I thought I knew what fear was. Turns out I didn’t know the difference between a common, garden-variety fear and a real nightmare until I was 52 years old. That’s when my wife Martha was told she “may” have Alzheimer’s disease. I say “may” because this disease can only be diagnosed by autopsy. So there we were, as I describe in my forthcoming book A Path Revealed—looking into an unknown future with no solutions.
I thought nothing else could shock me after that news. But I was wrong. Almost two years later I was forced to take Martha’s car keys away. As she stormed upstairs crying, I cried to myself, I didn’t just take her keys away—I cut her heart out.
I learned soon enough that a life crisis, like an earthquake, can bring shock upon shock of fear. And that it’s difficult, if not impossible, to prepare for them. Another aftershock occurred one morning two years after the key incident.
I was fixing breakfast when I heard a thud! overhead. I rushed up the steps to find Martha in a full seizure, her body stiff and shaking, and her face frozen like that in the painting The Scream. This was the first time I’d seen anyone, let alone my wife, overcome by a seizure.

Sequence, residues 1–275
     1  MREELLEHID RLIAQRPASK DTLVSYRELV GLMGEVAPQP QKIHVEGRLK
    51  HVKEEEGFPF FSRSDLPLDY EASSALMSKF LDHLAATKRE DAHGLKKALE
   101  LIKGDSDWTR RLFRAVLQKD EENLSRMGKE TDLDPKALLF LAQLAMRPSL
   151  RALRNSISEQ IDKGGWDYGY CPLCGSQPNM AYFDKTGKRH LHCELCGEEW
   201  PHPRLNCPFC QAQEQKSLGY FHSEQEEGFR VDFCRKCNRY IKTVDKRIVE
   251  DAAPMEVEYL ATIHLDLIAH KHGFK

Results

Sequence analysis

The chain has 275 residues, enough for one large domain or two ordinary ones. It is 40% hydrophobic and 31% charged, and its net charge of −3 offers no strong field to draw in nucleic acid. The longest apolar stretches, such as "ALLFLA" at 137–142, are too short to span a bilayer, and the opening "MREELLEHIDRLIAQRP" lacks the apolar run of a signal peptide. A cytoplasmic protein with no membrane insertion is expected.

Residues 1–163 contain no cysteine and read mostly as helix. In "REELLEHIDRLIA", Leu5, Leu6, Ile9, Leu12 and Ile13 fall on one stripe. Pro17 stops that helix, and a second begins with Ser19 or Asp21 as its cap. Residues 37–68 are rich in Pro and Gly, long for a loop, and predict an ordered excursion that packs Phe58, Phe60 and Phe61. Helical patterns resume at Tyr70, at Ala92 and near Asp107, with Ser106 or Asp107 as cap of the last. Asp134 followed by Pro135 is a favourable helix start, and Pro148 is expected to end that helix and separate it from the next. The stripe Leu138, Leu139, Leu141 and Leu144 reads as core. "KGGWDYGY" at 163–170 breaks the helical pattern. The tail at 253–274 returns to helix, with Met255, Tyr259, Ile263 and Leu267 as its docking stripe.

Maybe you too have awakened from a nightmare only to discover that it was not a nightmare at all—it was real. If you have, then we have something in common.
You may already have learned what I’m still learning about fear and anxiety. Do I fight fear? Or do I give in to it? Or do I just ignore it? None of these options worked for me. If I fought fear, I lost. And if I gave in to fear, or ignored it, I also lost.
I talk more about learning to confront this kind of fear here.
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